Francophone Diversity

A community with deep roots : born in the province


Seven out of 10 Francophones were born in Saskatchewan. People born elsewhere in Canada account for 23 percent of the population. Only about 6 percent of all Francophones were born outside the country; however, the percentage of French-speaking immigrants has doubled since the last census.

The Fransaskois community is solidly rooted in the province and this is reflected in its sense of identity and belonging.
 

Place of Birth of Francophones, 2006, Saskatchewan

Place of Birth of Francophones, 2006, Saskatchewan

Data from: Statistics Canada, 2006 Census

A community that is becoming somewhat more diverse


In the past 60 years, only a bit more than 900 Francophones have settled in Saskatchewan. Almost half of them were of European origin, and 55 more came from the United States. Close to 100 came from Latin American countries.

In addition, 1,380 people with French as their first spoken official language have aboriginal roots.
 

Francophone Immigrants, 2006, Saskatchewan

Francophone Immigrants, 2006, Saskatchewan

Data from: Statistics Canada, 2006 Census

Note: These are people who have been granted immigrant status in Canada, whose first known official language is French.

Immigration is slowly increasing


Forty-five percent of all Francophone immigrants in the province settled after 1996 ; this confirms the increasing role of immigration in the vitality of French in Saskatchewan.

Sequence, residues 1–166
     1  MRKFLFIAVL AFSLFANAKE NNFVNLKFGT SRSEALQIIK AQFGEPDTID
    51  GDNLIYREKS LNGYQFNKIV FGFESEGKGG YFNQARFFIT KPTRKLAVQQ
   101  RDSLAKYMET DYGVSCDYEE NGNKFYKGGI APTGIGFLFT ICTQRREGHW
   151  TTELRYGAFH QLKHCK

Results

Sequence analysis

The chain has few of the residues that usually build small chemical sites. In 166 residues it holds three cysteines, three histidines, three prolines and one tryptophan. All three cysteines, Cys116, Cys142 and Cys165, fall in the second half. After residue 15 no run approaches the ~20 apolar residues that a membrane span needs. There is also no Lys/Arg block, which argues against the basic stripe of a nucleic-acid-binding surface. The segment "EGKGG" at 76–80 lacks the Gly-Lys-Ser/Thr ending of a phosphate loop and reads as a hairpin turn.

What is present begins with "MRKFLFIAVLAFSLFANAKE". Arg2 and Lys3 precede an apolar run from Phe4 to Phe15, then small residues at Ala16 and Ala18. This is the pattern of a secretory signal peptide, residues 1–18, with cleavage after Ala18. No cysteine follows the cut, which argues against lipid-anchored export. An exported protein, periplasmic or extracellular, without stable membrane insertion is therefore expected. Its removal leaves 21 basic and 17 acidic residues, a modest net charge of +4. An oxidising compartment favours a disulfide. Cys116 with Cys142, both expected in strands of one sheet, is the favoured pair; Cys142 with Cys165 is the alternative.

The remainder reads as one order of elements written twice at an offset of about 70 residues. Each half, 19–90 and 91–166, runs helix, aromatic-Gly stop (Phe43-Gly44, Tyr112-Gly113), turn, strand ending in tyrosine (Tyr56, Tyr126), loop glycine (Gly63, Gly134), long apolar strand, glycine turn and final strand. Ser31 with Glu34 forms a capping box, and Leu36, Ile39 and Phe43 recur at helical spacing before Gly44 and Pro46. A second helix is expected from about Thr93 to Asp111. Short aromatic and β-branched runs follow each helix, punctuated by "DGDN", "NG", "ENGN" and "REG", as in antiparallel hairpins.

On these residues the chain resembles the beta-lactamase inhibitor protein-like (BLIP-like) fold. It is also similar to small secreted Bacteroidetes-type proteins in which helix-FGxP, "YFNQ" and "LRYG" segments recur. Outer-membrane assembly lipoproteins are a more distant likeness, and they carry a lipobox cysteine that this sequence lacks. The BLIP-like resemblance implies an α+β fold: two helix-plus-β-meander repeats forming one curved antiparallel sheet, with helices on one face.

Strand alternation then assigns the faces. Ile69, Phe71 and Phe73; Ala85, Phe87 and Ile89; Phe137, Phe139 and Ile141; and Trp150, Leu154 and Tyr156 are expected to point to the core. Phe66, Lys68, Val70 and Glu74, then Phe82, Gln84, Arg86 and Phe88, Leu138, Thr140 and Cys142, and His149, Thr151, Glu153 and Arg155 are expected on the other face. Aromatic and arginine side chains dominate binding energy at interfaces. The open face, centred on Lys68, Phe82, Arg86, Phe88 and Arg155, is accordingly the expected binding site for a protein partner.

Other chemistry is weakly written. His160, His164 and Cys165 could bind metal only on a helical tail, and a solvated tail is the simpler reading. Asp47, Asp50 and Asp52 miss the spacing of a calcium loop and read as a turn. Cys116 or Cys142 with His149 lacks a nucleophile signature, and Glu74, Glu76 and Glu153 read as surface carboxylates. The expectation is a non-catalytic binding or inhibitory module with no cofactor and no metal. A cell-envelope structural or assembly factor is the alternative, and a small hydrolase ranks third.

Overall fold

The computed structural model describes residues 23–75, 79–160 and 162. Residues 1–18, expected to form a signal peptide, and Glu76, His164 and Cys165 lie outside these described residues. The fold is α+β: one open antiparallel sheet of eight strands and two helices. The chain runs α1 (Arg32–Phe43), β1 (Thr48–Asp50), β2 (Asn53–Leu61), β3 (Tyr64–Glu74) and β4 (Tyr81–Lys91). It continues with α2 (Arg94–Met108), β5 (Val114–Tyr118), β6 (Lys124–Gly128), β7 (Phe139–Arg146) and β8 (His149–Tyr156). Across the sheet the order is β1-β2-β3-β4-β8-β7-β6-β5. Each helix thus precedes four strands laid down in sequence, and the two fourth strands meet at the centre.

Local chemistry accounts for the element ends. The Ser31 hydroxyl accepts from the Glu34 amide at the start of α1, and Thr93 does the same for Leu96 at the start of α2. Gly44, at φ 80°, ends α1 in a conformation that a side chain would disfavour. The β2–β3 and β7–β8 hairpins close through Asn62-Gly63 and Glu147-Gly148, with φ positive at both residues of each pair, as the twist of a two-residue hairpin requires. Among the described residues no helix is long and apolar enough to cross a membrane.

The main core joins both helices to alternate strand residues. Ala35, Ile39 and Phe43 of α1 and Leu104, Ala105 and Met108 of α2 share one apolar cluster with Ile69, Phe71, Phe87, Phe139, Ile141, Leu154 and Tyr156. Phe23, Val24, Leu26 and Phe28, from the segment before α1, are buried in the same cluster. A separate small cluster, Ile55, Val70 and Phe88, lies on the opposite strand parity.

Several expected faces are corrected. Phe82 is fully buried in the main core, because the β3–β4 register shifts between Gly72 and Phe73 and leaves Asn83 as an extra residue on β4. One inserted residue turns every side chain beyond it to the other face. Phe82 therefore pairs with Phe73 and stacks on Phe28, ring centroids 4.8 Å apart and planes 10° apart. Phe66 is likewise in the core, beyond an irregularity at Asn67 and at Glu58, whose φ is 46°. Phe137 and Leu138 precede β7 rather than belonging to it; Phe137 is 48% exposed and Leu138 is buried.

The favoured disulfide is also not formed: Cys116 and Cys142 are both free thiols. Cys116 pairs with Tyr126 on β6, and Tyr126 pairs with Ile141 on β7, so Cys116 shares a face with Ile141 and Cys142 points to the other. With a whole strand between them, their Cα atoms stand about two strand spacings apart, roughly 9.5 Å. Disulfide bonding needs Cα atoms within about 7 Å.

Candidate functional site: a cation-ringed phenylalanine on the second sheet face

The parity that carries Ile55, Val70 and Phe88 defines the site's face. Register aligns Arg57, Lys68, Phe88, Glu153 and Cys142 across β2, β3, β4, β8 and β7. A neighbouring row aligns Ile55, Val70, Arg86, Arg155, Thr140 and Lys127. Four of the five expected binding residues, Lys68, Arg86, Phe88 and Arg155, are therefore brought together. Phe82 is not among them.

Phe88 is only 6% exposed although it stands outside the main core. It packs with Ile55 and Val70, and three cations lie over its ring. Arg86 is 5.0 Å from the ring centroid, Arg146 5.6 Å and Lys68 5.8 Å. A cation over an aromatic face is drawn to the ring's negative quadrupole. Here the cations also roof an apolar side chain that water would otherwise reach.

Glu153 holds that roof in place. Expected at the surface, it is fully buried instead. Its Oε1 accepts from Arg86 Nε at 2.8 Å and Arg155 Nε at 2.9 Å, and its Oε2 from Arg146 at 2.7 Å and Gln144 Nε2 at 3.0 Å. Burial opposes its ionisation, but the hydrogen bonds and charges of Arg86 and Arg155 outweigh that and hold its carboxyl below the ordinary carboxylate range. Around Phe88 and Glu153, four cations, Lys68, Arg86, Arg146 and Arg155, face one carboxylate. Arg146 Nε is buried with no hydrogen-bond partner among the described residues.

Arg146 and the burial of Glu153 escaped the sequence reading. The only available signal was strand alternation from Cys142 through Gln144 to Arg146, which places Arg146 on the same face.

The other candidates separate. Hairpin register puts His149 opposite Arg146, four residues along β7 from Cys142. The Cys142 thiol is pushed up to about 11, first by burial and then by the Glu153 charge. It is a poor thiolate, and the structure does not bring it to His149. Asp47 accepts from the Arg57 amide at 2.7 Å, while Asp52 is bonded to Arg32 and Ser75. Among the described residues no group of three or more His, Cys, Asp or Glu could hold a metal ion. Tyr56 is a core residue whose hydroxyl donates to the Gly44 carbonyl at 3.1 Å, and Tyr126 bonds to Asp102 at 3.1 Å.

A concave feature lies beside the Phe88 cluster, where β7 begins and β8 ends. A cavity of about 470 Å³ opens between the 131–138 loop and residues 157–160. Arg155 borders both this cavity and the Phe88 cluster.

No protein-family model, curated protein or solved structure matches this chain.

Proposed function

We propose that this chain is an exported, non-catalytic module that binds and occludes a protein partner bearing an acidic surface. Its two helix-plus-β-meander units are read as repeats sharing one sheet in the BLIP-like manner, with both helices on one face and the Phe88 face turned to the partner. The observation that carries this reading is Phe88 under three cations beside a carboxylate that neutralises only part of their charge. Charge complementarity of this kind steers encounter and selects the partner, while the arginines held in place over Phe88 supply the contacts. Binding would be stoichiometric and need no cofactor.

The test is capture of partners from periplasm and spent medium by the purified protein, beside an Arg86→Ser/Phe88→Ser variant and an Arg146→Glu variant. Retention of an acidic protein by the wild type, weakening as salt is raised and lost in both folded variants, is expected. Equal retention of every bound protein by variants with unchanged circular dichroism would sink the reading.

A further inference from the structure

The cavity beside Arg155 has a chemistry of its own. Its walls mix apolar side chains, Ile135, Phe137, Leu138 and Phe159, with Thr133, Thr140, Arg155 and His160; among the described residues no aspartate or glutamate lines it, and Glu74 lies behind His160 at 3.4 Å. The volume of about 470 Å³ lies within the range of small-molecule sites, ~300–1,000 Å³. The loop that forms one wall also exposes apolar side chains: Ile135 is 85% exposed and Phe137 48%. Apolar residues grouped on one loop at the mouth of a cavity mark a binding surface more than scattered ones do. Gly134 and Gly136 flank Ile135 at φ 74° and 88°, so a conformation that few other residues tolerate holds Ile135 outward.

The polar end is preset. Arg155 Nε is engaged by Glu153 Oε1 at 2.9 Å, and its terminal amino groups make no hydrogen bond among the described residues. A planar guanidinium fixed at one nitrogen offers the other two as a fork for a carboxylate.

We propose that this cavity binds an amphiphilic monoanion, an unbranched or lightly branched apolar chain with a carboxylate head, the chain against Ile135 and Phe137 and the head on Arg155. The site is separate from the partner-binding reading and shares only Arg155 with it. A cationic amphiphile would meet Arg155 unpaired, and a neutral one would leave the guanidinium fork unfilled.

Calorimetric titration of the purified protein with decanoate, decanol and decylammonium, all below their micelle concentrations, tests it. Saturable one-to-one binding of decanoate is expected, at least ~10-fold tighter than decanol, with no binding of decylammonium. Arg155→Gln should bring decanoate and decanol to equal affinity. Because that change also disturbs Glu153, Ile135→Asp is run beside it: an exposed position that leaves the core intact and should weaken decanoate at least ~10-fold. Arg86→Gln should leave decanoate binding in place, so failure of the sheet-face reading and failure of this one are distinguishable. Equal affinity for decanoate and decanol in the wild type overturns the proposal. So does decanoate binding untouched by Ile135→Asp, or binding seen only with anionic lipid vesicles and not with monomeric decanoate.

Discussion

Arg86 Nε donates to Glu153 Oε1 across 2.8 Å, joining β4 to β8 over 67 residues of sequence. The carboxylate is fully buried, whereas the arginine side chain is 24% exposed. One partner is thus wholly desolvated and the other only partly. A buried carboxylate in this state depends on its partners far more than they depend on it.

Francophone Immigrants by Immigration Period, Saskatchewan

Francophone Immigrants by Immigration Period, Saskatchewan

Data from: Statistics Canada, 2006 Census

The evolution of immigration


Historically, Saskatchewan was a land of settlement for Francophones from Quebec, Europe, New England, the American Midwest, Ontario and Manitoba. However, this first wave of immigration ended with the Depression in the 1930s. In the last 60 years, the demography has remained stable in terms of numbers – the regular influx of newcomers was countered by an equally important number of people leaving the province. In fact, until recently there was a decrease in the overall population of Saskatchewan.

At the very end of the 20th century, the province once again started receiving immigrants from all over the world. Since the dawn of the 21st century, more and more Francophones from Maghreb, Central Africa and other Francophone countries have chosen to settle in Saskatchewan.

Newcomers can rely on existing French-language institutions. Francophone parishes and Fransaskois schools often act as the entrance point to the local Francophone community. In order to better meet the needs of newcomers, the Francophone associative network has developed specialized services. Namely, the Assemblée communautaire fransaskoise has an immigration sector able to help newcomers; in Saskatoon and Regina, groups have been created to facilitate integration of newcomers by different means.

Saskatchewan receives many inter-provincial migrants; several families arrive in Saskatchewan after first settling in another province.